Criminal tiger trade in Europe florishes
Prague, 18 July 2018 – Recent police raids in the Czech Republic as well as research by the international animal welfare organisation FOUR PAWS show that tiger trade is not only an issue in Asia: The lucrative commercial trade with a highly protected species and their parts is happening right in the centre of Europe as well. On Monday 15th July the Czech police along with custom officers raided properties in Prague and in central and northern Bohemia in suspicion of illegal killing of tigers and possession of tiger products.
On the 18th July the Czech authorities announced that they seized a recently killed tiger at one of the properties and that one of the suspects was processing tiger bones and other tiger products. The suspects were shooting the tigers in the eyes to not damage the skins and that the tigers were killed and used to make tiger broth. Furthermore, the Czech authorities also raided the Vietnamese market, Sapa in Prague and discovered tiger meat and products on sale.
One of the target facilities raided this week belonged to well-known circus leader, Mr. Ludvik Berousek. FOUR PAWS research conducted in June show a meeting with Mr. Berousek where he proudly showed his tiger breeding facility near Prague and discussed the sale of tigers to Asia. Mr Berousek offered to sell the tigers to Asian buyers and to help facilitate the documents and transfer and boasted that he had already sold tigers to China in the last three months.
“It is shocking how the EU does so much to combat the trade in wildlife in other parts of the world, but we have turned a blind eye to protecting an endangered species on our own doorstep. FOUR PAWS is calling on the European Commission to protect all tigers and to ban the commercial trade in live captive bred tigers. The EU should take a leading role in protecting these endangered species and ban all commercial trade ensuring tiger traders and businesses have no place in the EU” – Kieran Harkin, Head of Wildlife Campaigns at FOUR PAWS, stated.
Tigers: A highly endangered species
In the 20th century the world already lost over 90 per cent of its tigers with current estimates indicating that there are only about 3,900 tigers left in the wild. The relentless demand for tigers to be displayed commercially and traded for their body parts to be used in traditional Asian medicines significantly contributes to this decline. Shockingly, tigers born in captivity in Europe can still be traded for commercial purposes such as circuses or for private keeping or for photo opportunities. In some European countries it is not only possible to buy tigers but to also rent tigers for private parties.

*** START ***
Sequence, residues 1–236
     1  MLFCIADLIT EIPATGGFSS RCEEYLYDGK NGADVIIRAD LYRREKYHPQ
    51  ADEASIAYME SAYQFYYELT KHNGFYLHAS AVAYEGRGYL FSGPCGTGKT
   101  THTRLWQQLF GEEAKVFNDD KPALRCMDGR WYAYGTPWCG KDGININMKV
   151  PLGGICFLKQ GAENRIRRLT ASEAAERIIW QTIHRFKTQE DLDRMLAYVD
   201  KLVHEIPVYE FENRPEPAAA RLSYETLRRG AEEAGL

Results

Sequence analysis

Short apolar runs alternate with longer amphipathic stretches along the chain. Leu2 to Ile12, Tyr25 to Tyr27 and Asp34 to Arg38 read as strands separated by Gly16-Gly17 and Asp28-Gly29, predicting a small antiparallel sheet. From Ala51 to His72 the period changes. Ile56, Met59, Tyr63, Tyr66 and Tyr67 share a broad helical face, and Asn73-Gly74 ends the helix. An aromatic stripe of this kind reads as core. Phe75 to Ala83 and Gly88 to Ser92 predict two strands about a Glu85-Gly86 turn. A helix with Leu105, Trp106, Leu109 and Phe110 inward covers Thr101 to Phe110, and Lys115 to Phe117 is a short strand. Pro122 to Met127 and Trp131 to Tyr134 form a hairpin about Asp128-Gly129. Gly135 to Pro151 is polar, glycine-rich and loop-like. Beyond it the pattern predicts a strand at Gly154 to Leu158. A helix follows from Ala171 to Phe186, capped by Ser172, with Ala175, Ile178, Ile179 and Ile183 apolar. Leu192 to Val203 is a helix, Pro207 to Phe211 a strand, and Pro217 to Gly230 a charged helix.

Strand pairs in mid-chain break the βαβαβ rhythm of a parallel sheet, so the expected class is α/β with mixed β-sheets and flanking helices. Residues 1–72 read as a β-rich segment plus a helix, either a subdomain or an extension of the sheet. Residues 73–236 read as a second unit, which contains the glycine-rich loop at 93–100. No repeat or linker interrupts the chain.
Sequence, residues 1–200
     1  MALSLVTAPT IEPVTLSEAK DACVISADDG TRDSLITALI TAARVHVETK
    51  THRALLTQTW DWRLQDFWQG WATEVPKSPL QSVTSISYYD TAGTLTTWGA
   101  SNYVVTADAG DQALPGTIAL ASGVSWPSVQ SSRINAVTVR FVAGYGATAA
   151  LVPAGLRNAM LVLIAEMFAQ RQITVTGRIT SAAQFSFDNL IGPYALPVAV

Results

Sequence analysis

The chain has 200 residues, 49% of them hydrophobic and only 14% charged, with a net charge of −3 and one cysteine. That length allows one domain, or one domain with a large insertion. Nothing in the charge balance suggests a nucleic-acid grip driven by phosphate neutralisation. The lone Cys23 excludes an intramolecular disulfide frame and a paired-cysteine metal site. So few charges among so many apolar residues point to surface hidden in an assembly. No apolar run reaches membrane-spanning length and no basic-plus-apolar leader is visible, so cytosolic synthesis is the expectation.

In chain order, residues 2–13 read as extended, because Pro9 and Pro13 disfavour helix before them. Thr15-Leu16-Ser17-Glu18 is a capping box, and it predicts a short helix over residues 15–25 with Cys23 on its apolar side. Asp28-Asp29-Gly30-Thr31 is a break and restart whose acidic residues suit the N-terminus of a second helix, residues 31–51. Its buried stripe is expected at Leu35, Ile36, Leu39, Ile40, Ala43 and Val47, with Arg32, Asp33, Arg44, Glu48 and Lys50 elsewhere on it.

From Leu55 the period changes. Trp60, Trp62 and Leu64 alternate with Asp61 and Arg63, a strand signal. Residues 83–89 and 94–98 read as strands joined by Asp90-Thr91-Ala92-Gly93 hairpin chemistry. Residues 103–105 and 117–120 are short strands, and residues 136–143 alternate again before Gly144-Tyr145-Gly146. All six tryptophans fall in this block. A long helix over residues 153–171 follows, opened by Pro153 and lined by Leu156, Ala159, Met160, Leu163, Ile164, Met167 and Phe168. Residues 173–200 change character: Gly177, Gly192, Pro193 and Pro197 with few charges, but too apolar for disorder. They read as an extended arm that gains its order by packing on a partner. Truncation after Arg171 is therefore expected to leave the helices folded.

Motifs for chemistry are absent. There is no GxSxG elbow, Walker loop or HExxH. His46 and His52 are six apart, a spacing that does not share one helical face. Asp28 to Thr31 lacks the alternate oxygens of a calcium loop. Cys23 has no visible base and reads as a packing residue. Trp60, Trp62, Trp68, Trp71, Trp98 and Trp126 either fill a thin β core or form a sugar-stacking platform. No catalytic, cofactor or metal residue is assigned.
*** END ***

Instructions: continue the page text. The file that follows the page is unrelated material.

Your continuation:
How can this happen in an EU-country?
The European Union does not only lack effective regulation concerning the trade of tigers or their parts, there is also no clear overview of the actual number of captive tigers and trade of these animals. No authority, organisation or country knows how many tigers are currently kept in Europe, where they are moved during their lifetime or how they are used for entertainment purposes, where they die and finally whether in worst cases these animals are being turned into tiger bone wine or traditional medicines. Only by ensuring there is no market for tigers and their parts in Europe the European Commission can be serious about contributing to protecting wild living tigers in Asia and playing a positive role in fighting the illegal trade of all wildlife. FOUR PAWS has launched a petition today through which all supporters can call on the European Commission to ban the commercial trade in tigers: https://help.four-paws.org/en/ban-tiger-trade
ABOUT FOUR PAWS
FOUR PAWS is an international animal welfare organisation with headquarters in Vienna, Austria. Founded by Heli Dungler in 1988, the organisation strives to help animals in need with sustainable campaigns and projects. The work is based on substantiated research and scientific expertise as well as intensive national and international lobbying. FOUR PAWS focuses on animals that are directly under human influence: stray dogs and stray cats, farm animals, companion animals and wild animals including bears, big cats and orangutans kept in inappropriate conditions. With offices in Austria, Australia, Belgium, Bulgaria, Germany, Hungary, Netherlands, South Africa, Switzerland, United Kingdom and USA, FOUR PAWS aims to help animals in need directly and quickly. www.four-paws.org
Image: FOUR PAWS below